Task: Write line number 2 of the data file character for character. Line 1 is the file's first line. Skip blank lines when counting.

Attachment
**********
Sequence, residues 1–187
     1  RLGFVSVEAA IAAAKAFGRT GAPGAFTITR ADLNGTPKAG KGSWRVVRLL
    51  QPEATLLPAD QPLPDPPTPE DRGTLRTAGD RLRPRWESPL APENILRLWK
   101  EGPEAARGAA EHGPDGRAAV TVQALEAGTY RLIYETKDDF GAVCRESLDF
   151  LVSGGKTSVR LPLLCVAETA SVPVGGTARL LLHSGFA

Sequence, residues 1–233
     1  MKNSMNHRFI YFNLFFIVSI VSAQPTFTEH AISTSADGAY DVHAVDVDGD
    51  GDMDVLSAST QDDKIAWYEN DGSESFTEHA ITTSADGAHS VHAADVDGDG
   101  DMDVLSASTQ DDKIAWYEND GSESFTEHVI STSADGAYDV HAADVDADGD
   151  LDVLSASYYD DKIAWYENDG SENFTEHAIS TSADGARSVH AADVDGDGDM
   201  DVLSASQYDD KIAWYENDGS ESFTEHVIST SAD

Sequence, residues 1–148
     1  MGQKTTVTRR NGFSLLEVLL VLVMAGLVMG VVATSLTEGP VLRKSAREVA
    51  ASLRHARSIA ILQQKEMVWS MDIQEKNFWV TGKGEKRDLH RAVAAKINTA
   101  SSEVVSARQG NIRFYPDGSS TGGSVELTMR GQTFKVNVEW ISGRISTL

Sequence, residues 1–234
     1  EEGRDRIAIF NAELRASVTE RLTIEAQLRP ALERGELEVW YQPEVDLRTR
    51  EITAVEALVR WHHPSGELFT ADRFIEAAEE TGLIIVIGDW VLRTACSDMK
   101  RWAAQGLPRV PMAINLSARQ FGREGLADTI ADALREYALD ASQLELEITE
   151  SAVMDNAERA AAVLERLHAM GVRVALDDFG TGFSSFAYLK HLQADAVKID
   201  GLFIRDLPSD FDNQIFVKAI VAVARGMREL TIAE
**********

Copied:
     1  RLGFVSVEAA IAAAKAFGRT GAPGAFTITR ADLNGTPKAG KGSWRVVRLL